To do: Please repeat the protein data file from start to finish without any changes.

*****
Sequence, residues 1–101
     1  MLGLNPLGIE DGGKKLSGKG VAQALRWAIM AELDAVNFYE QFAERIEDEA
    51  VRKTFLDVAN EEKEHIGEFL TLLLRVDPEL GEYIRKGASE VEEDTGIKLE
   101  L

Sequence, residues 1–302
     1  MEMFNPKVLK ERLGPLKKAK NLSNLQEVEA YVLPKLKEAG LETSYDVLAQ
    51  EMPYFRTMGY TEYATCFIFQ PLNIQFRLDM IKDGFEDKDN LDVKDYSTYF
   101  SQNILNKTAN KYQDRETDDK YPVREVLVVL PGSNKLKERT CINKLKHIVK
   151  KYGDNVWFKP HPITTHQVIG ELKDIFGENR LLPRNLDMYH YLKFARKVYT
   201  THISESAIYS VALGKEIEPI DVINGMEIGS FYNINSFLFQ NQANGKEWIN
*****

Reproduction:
Sequence, residues 1–101
     1  MLGLNPLGIE DGGKKLSGKG VAQALRWAIM AELDAVNFYE QFAERIEDEA
    51  VRKTFLDVAN EEKEHIGEFL TLLLRVDPEL GEYIRKGASE VEEDTGIKLE
   101  L

Sequence, residues 1–302
     1  MEMFNPKVLK ERLGPLKKAK NLSNLQEVEA YVLPKLKEAG LETSYDVLAQ
    51  EMPYFRTMGY TEYATCFIFQ PLNIQFRLDM IKDGFEDKDN LDVKDYSTYF
   101  SQNILNKTAN KYQDRETDDK YPVREVLVVL PGSNKLKERT CINKLKHIVK
   151  KYGDNVWFKP HPITTHQVIG ELKDIFGENR LLPRNLDMYH YLKFARKVYT
   201  THISESAIYS VALGKEIEPI DVINGMEIGS FYNINSFLFQ NQANGKEWIN